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CEO Thorsten Heins will give a keynote speech on Tuesday in Orland which may give clues to the future of the company’s products. (Fernando Morales/The Globe and Mail)
CEO Thorsten Heins will give a keynote speech on Tuesday in Orland which may give clues to the future of the company’s products. (Fernando Morales/The Globe and Mail)

smartphones

Low cost, high stakes: RIM pushes to hold its ground Add to ...

Research In Motion Ltd. is doubling down on two of its biggest success stories, unveiling a low-cost BlackBerry aimed at emerging markets and opening its popular instant messaging service to rival manufacturers.

Chief executive officer Thorsten Heins held up the company’s first phone designed for developing economies, called the Q5, at the company’s annual conference in Orlando, Fla., on Tuesday.

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The device, which will go on sale in Asia, the Middle East, Africa, Latin America and parts of Europe in July, will run on RIM’s new operating system and boast advanced features such as video conferencing. But it will likely cost a small fraction of the $700 price tag commanded by the Q10 BlackBerry that went on sale recently in Canada and the United States.

The move underscores RIM’s strategy of trying to maintain its grip on emerging markets, where its brand has remained strong, while trying to recover its lost market share in developed countries.

The company, now doing business as BlackBerry, faces new challenges in those markets identical to the one it faces in the West: As more people adopt smartphones, rivals from Samsung Electronics Co. Ltd. to Huawei Technologies Co. Ltd. are making gains.

“If BlackBerry expects to compete against Samsung … it has to move its range of handsets this way,” Ken Campbell, the CEO of the North African wireless operator Tunisiana, said in an interview. “While emerging markets are price sensitive, people will buy strong brands. BlackBerry has an opportunity, but it has to move quickly.”

Generally, the most affordable smartphones in Africa have been selling at $250 or less. Recently, Samsung moved the bar substantially lower with its Samsung Galaxy Pocket that sells for about $125. Executives in Africa for Huawei say the local market for smartphones will ignite when prices for fully featured handsets drop below $100.

“It’s important for any manufacturer today to have some portfolio of product to address this market segment, and the Q5 fills that gap for BlackBerry,” said Charles Golvin, principal analyst for Forrester Research. “[The Q5] isn’t just an important product, it’s a necessary product for RIM.”

RIM did not reveal a price range for the Q5, and an important factor will be whether local carriers choose to offer subsidies in return for wireless contracts. But with the entry-level device, RIM will walk a fine line between selling more handsets and maintaining profitability, after struggling to get back in the black just last quarter.

Charlie Wolf, an analyst with Needham & Co., estimates that RIM will need to sell 10 entry-level BlackBerries to match the profit from a single subsidized Z10 device, which Canadian carriers are offering for $100 with a multiyear wireless contract.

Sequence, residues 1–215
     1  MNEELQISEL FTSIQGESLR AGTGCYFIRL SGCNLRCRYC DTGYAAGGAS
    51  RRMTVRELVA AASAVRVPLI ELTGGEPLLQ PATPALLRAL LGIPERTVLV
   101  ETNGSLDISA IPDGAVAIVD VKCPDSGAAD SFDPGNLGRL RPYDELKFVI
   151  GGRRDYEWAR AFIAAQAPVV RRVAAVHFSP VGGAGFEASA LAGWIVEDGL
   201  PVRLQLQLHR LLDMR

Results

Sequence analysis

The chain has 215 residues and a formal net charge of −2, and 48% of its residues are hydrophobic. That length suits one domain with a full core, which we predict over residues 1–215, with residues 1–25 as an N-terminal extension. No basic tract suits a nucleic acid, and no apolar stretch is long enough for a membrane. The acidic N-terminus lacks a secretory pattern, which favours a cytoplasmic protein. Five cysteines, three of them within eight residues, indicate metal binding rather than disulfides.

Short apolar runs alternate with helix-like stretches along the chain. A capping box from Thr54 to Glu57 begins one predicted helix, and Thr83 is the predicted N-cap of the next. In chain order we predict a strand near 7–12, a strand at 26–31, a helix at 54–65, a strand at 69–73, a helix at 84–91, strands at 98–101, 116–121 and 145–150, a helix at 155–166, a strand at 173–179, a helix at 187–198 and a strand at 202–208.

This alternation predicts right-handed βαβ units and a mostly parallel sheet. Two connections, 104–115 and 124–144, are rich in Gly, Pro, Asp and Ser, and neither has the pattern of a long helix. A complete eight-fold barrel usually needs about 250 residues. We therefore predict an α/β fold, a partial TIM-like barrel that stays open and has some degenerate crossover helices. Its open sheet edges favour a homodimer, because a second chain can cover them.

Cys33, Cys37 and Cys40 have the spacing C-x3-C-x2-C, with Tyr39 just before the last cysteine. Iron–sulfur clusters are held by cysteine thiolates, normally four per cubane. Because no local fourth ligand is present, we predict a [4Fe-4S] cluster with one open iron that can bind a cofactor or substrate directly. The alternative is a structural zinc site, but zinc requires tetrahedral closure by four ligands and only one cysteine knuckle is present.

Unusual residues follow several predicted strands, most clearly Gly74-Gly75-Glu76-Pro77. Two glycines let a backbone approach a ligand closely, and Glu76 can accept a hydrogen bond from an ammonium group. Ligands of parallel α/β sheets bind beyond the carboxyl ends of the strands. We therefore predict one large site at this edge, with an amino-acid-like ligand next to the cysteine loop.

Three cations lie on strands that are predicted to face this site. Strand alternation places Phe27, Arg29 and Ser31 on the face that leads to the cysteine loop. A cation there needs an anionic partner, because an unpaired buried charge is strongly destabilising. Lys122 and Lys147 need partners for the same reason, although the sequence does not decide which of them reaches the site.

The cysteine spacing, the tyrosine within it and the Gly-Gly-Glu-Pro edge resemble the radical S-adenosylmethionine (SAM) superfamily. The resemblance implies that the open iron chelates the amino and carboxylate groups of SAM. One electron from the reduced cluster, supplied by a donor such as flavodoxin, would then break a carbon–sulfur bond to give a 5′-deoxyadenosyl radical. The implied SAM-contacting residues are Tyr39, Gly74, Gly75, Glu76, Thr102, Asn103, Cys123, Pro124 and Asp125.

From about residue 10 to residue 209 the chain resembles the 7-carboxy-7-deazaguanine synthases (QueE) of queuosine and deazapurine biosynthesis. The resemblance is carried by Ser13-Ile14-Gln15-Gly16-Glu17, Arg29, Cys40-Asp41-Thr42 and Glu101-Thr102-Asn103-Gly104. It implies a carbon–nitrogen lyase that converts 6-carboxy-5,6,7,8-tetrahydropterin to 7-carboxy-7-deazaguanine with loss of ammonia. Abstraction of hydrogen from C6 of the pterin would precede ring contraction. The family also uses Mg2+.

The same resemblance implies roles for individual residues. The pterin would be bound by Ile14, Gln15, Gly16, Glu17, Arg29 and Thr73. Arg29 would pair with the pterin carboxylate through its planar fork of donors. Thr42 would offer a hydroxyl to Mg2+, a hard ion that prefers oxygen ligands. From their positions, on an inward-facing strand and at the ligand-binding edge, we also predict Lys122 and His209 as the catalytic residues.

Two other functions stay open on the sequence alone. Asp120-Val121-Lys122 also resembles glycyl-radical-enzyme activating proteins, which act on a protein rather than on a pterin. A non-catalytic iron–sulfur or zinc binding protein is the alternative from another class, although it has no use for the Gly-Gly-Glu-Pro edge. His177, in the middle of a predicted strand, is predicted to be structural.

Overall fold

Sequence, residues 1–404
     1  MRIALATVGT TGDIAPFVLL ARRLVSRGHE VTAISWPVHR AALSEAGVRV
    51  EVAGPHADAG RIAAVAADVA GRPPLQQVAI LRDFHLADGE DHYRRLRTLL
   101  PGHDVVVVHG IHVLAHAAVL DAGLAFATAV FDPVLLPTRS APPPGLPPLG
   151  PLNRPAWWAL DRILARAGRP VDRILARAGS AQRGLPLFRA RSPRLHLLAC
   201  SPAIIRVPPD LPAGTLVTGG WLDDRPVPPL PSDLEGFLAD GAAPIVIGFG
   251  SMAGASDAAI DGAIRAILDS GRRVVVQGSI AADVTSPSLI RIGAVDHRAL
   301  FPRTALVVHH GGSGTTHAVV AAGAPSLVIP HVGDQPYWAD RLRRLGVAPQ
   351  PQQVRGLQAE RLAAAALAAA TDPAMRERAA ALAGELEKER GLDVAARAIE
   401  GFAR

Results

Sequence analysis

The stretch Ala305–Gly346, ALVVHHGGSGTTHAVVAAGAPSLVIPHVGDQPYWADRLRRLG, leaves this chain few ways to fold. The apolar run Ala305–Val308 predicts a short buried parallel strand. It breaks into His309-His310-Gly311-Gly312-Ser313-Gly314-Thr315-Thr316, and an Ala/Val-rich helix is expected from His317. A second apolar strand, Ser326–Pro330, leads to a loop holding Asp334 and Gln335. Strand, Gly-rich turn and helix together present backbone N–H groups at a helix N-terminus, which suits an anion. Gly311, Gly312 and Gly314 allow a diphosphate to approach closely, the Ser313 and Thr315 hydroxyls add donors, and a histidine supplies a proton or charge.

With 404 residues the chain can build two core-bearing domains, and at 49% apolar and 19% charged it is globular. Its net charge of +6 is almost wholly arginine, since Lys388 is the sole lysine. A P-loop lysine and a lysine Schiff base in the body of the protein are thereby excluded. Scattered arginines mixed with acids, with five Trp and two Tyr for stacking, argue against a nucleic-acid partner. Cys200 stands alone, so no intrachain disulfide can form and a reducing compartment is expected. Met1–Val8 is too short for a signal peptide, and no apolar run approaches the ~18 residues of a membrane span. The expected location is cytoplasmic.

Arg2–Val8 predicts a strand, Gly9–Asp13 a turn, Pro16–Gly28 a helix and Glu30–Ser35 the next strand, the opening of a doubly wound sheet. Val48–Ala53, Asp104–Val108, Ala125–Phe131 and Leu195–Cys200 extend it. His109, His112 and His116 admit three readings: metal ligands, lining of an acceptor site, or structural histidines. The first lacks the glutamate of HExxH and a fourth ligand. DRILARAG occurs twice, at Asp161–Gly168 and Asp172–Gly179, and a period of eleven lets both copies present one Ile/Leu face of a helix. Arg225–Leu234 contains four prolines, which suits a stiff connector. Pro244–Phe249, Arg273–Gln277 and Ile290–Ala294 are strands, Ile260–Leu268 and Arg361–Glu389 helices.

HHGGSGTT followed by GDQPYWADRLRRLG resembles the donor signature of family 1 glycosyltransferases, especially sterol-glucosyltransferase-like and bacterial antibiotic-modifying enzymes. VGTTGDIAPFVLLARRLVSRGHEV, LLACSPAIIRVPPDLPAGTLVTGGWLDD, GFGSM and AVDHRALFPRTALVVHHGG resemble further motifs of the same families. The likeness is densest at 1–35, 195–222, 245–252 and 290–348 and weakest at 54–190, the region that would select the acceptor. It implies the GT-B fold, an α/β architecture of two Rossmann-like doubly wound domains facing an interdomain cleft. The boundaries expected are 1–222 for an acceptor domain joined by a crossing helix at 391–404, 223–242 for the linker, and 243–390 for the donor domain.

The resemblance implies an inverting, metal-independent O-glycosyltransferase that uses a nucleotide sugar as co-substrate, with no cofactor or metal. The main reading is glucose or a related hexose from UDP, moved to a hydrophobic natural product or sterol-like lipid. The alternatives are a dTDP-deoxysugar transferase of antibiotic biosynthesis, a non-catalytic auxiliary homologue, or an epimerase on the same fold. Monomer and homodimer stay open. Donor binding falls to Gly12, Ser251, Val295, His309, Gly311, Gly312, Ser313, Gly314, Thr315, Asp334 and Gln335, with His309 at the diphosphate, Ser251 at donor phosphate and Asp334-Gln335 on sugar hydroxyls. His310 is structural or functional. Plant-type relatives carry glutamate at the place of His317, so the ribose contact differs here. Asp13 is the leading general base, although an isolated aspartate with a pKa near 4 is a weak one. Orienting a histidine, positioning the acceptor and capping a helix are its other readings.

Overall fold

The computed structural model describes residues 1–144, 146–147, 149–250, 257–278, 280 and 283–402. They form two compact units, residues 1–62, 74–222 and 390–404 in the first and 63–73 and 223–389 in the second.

During his years as chief operating officer for RIM, Mr. Heins insisted on maintaining the BlackBerry brand’s prestigious appeal – and premium price – across all global markets, according to at least one source close to the company. Clearly, though, strategy has shifted within the company as it’s becoming increasingly clear that mobile phone makers cannot expand by foisting expensive devices across the developing world.

On a bustling downtown street in Accra, Ghana, for example, a Vodafone shop is trying to drum up interest for the aging BlackBerry Torch – selling for roughly $500 – by throwing in a free $12 talk-and-text phone made by Huawei. Merchants here talk of growing demand for smartphones. But while shoppers aspire to the BlackBerry brand, they remain very sensitive to price.

Investors reacted to RIM’s announcements on Tuesday by sending the stock price down 3 per cent, perhaps over concerns about margin slippage or the company’s decision to give up exclusivity of its instant messaging service.

RIM is trying to stoke interest in its new BlackBerry 10 operating system by getting its BBM instant messaging service into the hands of the millions of people using Apple Inc.’s iPhones and Google Inc.’s Android platform. Even as BlackBerry handsets have lost popularity, BBM remains dominant. RIM boasts that the service has more than 60 million monthly active users who send and receive more than of 10 billion messages a day. One sign of just how addicted users have become to the service: Almost half of all messages are read within 20 seconds of being received.

The decision to open up BBM is a gamble because users will no longer have to own a BlackBerry to use it. But part of the company’s announcement included the launch of BBM Channels, an enhancement that enables communication with groups in real time. As companies begin creating channels to reach customers, there could be rich new marketing and advertising opportunities, Mr. Golvin said.

Ultimately, the real test for RIM remains regaining market share among U.S. consumers, and so far response to RIM’s new operating platform has been mixed, said Mark Sue, an analyst with RBC Dominion Securities Inc. Early results look positive in Canada and Britain, but in the U.S., phone companies have offered only limited advertising commitments in the face of “limited enthusiasm” among U.S. consumers, he wrote Tuesday.

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